5. The factual position may, therefore, be stated thus:The assessment for the year 1952-53 was made only under the Travancore-Chochin General Sales Tax Act (11 of 1125 M. E. ) and therefore, the subsequent alleged enhancement of the tax does not affect the assessment of that year. Assessments for the years 1956-57 1957-58 and 1958-59 were made under the Travancore-Chochin General Sales Tax (Amendment) Act, 1957 (12 of 1957) and, therefore, the provision, if any, enhancing the rate under the Act would affect the said assessments. The enhancements made under the Kerala Act 11 of 1957 would not govern the assessment year 1956-57, but only the assessment years 1957-58 and 1958-59
6. The material contentions of Mr. Nambiar, appearing for the appellant, may be summarized thus:(1) The Travancore-Cochin Act of 1125 would not continue in force under Art. 372 of the Constitution inasmuch as its provisions were inconsistent with the structure of the Constitution as well as with the provisions of Part XII thereof. (2) Art. 277 of the Constitution cannot be relied upon by the respondent, as it can be availed of only:(a) if a particular tax was lawfully levied by the Government of the State immediately before the Commencement of the Constitution and is expressly mentioned in the Union List, and (b) if there is an identity between the tax imposed by the State before the Constitution and that continued by it thereafter in respect of rate, area, State and purpose. It is said that the said two conditions are not satisfied. (3) Assuming that Art. 277 applied, the said provision could not be relied upon by the appellant in view of the agreement entered into between the Rajpramukh of Travancore and the Union Government under Art, 278 of the Constitution. (4) The impugned Act, in so far as it imposed tax in respect of “works contracts” would offend Art. 14 of the Constitution inasmuch as it was not applied to areas other than those covered by the Travancore-Cochin States and, therefore, discriminatory in its application. And (5) in any view, in respect of the assessment year 1952-53 the non-fixation of the percentage by the Board of revenue under R. 4(3) of the Rules made under the Act renders the said assessment illegal.
7. The learned Advocate-General of Kerala counters some of the said arguments. We shall refer to his arguments in the course of the judgment at appropriate places. It may be mentioned at this stage that the learned Advocate-General conceded that the assessment orders for the years 1956-57, 1957-58 and 1958-59 made under the Travancore-Cochin General Sales Tax (Amendment) Act, 1957 (12 of 1957) and the Kerala surcharge on Taxes Act (11 of 1957) were bad, but prayed that the State might be given liberty to assess the appellant de novo for the said years under the Act.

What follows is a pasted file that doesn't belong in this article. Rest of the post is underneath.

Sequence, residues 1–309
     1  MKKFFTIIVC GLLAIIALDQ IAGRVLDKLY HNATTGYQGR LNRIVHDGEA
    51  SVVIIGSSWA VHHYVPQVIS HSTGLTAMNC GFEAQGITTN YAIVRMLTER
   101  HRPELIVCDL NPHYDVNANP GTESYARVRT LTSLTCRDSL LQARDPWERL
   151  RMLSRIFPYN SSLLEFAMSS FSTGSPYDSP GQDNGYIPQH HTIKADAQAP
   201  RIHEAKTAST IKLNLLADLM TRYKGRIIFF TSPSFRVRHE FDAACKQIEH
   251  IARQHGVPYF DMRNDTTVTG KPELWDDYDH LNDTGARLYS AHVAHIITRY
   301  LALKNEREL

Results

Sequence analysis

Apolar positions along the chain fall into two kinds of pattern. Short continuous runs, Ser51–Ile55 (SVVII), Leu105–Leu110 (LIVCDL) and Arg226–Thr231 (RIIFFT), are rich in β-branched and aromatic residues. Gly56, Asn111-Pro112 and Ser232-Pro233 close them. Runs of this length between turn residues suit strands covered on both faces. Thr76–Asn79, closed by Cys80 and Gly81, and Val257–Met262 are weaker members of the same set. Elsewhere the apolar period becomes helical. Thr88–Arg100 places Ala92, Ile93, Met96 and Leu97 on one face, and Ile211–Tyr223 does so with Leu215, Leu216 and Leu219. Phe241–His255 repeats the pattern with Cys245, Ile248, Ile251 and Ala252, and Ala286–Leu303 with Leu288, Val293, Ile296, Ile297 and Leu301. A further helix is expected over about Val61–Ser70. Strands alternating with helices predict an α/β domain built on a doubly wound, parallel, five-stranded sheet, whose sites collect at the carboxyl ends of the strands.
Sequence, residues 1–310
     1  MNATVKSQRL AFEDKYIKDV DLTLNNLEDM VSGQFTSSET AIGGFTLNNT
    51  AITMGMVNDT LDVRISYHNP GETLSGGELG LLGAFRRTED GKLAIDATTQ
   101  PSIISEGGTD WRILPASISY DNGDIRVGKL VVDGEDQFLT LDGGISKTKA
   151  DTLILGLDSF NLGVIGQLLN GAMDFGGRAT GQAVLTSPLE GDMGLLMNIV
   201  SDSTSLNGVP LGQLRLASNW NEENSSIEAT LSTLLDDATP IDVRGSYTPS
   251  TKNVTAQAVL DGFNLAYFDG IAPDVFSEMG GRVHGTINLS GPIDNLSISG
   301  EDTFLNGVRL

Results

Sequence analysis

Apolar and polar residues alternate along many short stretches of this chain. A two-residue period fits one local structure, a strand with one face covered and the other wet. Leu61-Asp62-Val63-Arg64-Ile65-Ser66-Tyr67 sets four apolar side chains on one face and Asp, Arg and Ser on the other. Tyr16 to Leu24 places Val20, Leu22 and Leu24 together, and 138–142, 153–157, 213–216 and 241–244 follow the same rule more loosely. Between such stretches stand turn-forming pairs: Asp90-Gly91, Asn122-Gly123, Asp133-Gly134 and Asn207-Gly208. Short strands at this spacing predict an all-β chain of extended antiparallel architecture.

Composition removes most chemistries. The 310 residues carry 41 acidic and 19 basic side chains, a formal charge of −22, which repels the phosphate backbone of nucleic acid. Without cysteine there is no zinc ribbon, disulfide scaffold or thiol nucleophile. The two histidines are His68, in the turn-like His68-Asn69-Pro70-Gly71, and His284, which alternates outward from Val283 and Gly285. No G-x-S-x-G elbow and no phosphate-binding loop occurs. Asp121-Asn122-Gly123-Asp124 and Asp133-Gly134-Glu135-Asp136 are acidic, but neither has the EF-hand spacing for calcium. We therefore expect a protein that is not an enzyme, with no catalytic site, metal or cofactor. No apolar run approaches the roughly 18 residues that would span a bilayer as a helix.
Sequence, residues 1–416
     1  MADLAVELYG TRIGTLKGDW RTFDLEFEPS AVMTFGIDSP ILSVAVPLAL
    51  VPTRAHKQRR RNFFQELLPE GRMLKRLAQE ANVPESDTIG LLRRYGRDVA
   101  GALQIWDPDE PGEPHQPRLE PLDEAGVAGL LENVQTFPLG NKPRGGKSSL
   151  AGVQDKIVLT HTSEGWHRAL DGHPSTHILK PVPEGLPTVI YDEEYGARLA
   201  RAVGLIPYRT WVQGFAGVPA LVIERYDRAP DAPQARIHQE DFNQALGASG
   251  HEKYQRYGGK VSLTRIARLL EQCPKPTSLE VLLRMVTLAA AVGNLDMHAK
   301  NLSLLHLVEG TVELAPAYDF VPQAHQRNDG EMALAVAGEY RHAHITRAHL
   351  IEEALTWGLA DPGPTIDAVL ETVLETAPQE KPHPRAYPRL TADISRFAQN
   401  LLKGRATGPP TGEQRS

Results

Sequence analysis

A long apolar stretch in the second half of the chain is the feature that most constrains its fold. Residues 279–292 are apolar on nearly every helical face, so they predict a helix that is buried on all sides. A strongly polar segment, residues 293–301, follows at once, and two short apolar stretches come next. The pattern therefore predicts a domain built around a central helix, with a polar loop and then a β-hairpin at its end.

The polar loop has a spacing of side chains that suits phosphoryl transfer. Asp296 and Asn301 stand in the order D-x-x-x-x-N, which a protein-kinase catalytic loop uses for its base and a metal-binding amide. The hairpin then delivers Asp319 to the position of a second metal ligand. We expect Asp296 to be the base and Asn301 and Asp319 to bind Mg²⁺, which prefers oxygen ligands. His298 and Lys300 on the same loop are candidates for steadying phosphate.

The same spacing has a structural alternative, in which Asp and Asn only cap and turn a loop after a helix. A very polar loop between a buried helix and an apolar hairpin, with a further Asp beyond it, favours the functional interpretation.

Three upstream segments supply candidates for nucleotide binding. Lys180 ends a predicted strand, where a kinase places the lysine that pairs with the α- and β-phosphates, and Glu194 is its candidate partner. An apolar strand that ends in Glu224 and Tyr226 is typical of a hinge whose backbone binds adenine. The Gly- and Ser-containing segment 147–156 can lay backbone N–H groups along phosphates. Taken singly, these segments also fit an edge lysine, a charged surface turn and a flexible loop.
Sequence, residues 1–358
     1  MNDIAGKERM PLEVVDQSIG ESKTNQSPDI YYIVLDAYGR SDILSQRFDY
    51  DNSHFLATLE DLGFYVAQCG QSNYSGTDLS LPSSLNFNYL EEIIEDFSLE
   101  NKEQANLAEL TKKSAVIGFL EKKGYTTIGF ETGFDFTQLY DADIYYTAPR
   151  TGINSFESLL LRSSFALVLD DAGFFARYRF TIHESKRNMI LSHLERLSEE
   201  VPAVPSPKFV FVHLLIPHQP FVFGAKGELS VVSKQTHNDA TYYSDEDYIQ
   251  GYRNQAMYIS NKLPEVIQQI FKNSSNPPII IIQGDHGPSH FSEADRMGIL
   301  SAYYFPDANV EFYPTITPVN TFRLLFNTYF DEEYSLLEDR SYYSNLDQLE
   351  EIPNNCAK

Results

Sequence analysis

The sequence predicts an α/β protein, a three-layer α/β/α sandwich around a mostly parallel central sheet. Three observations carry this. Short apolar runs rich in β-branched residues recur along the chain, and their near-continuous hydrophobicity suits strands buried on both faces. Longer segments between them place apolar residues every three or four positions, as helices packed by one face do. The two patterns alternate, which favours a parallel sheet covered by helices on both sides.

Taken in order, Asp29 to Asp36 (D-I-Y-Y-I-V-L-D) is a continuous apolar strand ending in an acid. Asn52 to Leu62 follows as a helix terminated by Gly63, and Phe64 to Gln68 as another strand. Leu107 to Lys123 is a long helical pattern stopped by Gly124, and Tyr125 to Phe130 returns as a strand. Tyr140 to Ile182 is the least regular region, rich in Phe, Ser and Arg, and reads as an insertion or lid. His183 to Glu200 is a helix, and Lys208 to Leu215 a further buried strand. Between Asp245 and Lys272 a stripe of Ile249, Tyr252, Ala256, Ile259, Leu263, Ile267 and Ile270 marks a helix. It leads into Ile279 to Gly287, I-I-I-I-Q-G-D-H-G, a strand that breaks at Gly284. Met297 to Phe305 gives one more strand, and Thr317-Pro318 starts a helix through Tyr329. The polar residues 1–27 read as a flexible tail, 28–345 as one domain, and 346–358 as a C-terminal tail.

8. The main contention of learned counsel for the appellant centers on the provisions of Arts. 277 and 278 of the Constitution. Under Art. 277, any taxes that were being lawfully levied by the Government of any State before the Constitution could be continued to be levied thereafter, notwithstanding that the said taxes were mentioned in the Union List, till Parliament made a law to the contrary. Article 278 enables the Government of India and a State government specified in part B of the First Schedule to the Constitution to enter into an agreement with respect to levy and collection of any tax leviable by the Government of India in such State and for the distribution of the proceeds thereof and also in respect of the grant of any financial assistance by the Government of India to such State if it incurred any loss of revenue derived by it from any source. Under cl. (2) thereof, such an agreement shall continue in force for a period of ten years from the commencement of the Constitution. We are not concerned here with the legal position after the expiry of the said period, and we do not propose to express our view thereon.